France's plight has reached the climatic stage. Premier Flandin's composite cabinet seems about to topple in the midst of its strenuous efforts to win a grant of dictatorial powers in order to continue a losing fight to maintain the present gold parity of the franc. Although the crisis may be staved off for the moment with the formation of a new cabinet granted the desired authority by the legislature, competent observers agree that "devaluation" must come in a very short time. Depleted reserves in the Bank of France, in addition to an increasing flight of capital and the constant currency warfare between Great Britain and the United States, make any alternative purely imaginery.
The struggle which the French have made for months to maintain their gold standard has reached heroic proportions. Their inflationary experience of a little over a decade ago convinced them that a decision to devaluate is nothing short of an invitation to disaster, a voluntary walking of the plank. It's much more than a political creed; it's a national frame of mind, the result of bitter experience.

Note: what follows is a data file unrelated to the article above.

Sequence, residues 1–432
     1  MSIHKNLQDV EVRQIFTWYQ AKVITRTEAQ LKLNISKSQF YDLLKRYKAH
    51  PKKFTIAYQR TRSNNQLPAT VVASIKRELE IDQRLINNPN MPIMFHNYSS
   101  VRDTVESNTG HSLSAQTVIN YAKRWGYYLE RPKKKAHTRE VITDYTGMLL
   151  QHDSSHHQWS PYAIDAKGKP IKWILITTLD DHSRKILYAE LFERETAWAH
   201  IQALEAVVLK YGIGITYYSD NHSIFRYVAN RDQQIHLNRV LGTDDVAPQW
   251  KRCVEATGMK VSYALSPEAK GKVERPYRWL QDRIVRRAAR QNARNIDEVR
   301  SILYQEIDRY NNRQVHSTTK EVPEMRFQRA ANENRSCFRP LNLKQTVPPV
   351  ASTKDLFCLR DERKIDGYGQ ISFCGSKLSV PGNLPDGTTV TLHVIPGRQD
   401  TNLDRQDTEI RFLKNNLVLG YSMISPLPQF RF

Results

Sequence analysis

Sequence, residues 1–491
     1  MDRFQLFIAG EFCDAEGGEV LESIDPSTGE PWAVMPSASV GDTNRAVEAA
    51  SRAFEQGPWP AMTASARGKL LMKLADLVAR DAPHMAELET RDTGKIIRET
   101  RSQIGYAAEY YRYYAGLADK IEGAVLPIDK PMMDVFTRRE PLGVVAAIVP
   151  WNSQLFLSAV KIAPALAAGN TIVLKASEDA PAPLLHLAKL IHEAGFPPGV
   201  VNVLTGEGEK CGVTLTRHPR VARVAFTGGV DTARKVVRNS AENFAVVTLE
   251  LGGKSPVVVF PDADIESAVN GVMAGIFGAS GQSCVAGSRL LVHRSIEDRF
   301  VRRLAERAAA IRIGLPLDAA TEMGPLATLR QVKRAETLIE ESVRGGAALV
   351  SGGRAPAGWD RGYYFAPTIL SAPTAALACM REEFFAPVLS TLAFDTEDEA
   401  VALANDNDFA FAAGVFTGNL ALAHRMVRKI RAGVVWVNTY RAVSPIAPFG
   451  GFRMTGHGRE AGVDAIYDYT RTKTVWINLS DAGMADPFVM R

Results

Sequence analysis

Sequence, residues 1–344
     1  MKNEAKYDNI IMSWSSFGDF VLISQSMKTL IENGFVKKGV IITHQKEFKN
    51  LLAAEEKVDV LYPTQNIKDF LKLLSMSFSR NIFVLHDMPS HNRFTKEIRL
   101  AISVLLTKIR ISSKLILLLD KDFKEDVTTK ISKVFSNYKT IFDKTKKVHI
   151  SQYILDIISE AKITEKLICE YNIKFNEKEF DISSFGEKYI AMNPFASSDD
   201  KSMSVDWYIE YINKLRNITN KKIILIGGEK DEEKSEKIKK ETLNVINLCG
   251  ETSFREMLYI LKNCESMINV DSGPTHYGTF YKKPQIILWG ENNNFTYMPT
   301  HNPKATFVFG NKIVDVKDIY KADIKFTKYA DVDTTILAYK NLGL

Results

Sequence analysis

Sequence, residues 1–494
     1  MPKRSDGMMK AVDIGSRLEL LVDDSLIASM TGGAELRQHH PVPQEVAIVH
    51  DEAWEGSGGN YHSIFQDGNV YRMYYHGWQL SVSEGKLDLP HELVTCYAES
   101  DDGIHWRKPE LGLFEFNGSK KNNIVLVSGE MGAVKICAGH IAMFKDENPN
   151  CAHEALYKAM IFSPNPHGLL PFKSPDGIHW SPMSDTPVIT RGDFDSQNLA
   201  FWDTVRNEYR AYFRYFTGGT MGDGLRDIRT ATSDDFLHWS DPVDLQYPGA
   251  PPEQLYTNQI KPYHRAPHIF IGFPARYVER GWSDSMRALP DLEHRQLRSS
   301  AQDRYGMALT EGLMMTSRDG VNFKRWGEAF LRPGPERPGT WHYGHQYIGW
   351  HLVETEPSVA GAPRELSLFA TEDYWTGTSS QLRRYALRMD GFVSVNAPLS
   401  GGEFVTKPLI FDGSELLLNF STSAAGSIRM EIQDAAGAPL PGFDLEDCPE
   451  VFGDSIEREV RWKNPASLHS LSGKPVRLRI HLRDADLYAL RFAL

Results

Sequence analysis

France's departure from the gold standard will bring further instability in the foreign exchange market, and probably increase the number of players in the game of blind man's buff, now limited to secretly-operated committees in America and England. Foreign trade will dry up into an even smaller trickle than it is at present. The only cheerful prospect is that when the currency-tampering disease becomes well-night universal, all afflicted nations will have to seek an immediate, cooperative cure, and that no insolent rejection of stabilization pleas will be heard from an administration which in 1933 told the London Economic Parley that we were going along at our own gait. Only complete disruption of trade, aparantly, will lead to international cooperation. Without this new attitude one of the mainsprings of recovery will be permanently crippled.